Why is the Comic-Con comic convention so popular?

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Answered by: Jason, An Expert in the Comics Culture Category
Rather than throw my hat into the ring of every entertainment website in this country and regale you with tales of Comic-Con scheduling/highlights/must sees/exclusive announcements/bootleg video I decided it was story time. I want to tell you the story of the first sci-fi/fantasy convention I ever attended. It was called AdventureCon.



AdventureCon is an annual event held in Knoxville, TN. It is a small convention (the headliner of the show I attended was Billy Dee Williams) but it was my first and will always be held in high regard simply for that.

The show itself was what you would expect to be offered from a mid-sized university town in the south. It was held in the spacious (and far too expensive for the area) convention center and consisted mostly of the open floor for the retailers, creators, celebrities, etc. Up an escalator and down a hallway were the panel rooms which could not have been more than five in number.



But being there as a life-long comics reader was the sum of earthly bliss. There was a team of Jumpball players from Starship Troopers, Jaws from 007 (Richard Kiel) was pretending to bite into someone’s head for a photo op, I was happy to see Billy Tucci was there and I have never read a panel of Shi, I even loved that Billy Dee had a perpetual line for autographs even though he was charging $50 a pop and I realized that that was probably his biggest source of income these days. I got to sit in on a John Romita Jr. panel and I learned how to throw a punch from him. Another panel featured the actors under the costumes of Darth Vader and Boba Fett, two old friends who hadn’t seen each other in years playing catch up before an audience.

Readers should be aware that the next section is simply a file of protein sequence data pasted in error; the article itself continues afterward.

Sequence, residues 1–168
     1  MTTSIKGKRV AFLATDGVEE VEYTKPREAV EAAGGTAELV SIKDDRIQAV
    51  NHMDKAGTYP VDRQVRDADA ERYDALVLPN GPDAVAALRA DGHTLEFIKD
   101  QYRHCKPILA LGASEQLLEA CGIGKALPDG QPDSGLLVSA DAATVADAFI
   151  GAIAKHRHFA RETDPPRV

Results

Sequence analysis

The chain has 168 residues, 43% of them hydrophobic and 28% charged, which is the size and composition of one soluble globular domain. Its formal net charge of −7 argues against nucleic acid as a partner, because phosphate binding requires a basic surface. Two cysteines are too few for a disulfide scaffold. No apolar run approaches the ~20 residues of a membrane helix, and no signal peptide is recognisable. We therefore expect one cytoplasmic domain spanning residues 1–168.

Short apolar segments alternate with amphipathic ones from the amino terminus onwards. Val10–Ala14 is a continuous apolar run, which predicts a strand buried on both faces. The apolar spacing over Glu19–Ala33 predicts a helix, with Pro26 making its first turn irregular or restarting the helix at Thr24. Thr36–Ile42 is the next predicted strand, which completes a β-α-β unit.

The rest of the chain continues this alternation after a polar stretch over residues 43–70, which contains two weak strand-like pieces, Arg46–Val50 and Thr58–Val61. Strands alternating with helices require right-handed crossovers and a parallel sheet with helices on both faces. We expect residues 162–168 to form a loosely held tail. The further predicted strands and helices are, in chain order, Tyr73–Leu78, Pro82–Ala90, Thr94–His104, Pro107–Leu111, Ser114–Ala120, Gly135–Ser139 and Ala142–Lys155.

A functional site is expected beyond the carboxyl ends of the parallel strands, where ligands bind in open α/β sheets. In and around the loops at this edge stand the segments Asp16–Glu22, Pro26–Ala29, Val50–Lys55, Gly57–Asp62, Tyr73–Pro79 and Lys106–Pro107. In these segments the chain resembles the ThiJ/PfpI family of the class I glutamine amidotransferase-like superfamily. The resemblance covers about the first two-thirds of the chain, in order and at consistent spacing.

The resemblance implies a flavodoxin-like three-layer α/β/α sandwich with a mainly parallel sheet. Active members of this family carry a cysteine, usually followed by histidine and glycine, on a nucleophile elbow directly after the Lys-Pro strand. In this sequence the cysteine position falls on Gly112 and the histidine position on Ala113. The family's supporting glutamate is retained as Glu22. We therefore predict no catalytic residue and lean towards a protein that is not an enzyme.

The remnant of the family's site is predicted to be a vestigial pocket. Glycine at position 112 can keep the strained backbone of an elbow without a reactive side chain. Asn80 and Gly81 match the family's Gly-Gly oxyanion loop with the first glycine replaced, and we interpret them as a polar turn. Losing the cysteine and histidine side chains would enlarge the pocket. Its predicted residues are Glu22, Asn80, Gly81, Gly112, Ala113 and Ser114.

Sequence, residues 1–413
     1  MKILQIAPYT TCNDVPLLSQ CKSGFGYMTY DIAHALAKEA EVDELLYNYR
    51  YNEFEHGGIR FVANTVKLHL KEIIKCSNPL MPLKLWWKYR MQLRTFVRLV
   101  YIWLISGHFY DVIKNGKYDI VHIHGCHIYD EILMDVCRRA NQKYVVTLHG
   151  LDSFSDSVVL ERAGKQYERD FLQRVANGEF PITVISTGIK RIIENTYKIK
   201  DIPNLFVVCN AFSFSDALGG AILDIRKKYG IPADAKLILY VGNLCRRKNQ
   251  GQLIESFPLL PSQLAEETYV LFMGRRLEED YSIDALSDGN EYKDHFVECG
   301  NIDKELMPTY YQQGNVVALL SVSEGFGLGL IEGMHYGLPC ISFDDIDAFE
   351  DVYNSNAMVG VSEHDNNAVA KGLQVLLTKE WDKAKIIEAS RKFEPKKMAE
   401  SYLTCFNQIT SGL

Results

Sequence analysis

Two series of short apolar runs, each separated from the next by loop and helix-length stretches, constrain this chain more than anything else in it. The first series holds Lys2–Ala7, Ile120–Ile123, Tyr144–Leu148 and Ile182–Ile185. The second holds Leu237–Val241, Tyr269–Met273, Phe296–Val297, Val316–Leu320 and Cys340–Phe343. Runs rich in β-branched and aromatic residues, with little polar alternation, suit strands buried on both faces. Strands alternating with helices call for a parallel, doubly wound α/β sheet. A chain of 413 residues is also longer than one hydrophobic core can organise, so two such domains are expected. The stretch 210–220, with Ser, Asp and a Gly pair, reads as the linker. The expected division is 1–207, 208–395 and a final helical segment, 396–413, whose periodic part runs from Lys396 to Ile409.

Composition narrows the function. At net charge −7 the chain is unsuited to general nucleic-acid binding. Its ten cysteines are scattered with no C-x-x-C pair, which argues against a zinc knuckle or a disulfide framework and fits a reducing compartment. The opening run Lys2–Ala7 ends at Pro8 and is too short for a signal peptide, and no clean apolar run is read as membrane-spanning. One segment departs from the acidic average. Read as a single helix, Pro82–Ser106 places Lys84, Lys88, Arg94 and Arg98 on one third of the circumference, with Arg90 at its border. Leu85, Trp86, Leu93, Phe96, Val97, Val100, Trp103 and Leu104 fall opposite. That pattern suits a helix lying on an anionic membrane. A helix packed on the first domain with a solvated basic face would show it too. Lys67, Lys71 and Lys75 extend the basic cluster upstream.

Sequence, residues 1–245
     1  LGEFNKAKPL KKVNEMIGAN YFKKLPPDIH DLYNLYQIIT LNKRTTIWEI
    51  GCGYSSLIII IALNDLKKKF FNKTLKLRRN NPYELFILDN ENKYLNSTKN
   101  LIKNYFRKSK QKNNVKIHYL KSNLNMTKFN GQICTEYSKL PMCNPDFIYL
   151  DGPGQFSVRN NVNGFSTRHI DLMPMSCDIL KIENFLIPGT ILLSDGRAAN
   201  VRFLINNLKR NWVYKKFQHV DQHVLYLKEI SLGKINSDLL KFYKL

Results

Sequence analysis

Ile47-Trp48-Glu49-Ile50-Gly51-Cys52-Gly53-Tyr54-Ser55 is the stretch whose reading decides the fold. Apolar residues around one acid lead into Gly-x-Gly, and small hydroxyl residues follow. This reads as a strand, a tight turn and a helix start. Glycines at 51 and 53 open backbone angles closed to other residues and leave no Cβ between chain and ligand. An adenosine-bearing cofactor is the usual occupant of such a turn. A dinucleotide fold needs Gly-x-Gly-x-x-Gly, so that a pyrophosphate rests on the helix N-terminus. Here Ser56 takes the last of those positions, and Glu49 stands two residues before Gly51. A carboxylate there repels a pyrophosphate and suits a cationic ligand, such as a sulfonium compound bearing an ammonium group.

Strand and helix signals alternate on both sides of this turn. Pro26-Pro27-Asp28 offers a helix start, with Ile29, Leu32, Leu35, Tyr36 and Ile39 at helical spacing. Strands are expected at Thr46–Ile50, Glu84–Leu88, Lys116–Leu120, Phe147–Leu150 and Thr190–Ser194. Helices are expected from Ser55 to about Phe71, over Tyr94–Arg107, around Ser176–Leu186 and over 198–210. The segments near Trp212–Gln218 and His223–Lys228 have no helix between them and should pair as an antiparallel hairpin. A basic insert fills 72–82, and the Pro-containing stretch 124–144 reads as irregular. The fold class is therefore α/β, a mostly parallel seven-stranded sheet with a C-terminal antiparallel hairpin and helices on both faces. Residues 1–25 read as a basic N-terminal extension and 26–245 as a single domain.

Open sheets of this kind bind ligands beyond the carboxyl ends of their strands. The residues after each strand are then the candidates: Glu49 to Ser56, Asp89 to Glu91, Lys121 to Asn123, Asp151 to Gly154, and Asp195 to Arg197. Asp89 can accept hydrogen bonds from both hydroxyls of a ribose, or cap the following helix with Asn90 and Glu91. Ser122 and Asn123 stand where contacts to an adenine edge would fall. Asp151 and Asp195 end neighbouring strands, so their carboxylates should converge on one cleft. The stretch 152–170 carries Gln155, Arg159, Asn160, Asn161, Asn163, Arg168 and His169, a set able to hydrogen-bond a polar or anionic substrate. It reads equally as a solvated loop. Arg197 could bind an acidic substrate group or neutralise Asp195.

I don’t smile. Really I don’t. It’s just not my disposition and it has led to a life of being considered unapproachable by people who constantly think I am angry for some reason they’ll never know. At one point during AdventureCon I was leaving the floor and as I made my way to the escalator I looked up to see a girl coming down and smiling at me, and women never smile at me like that. I thought to myself, “Why the hell is that girl smiling at me? Do I have something hanging out of my nose? Toilet paper on my shoe? Am I just funny to look at?” But then I realized that she was smiling at me because I had a big smile plastered across my face and I didn’t even know it. I just happened to be looking in her direction. That was the moment I knew I wanted to be involved in that world; that those people behind those tables were sitting where I wanted to be sitting. It was a moment of clarity.

So I can tell you about my past experiences at Comic-Con; an Eddie Campbell panel (illustrator of my all-time favorite comic, From Hell), sitting in for a panel where Mike Mignola couldn’t stop telling Grant Morrison how great he thought All-Star Superman was (and it really is a great book), being too shy to talk to Dave McKean, Robert Kirkman giving me a copy of The Walking Dead and Invincible simply because he’s a great guy and a fanboy like everyone else, or even the highlight of my Comic-Con attendances where I met and spoke with the creator of Earthworm Jim (a game that shapes my humor to this day). They’re all great memories and I haven’t even scraped the surface of all the fun I’ve had at Comic-Con in years past.

But you always remember your first and AdventureCon was my first convention.

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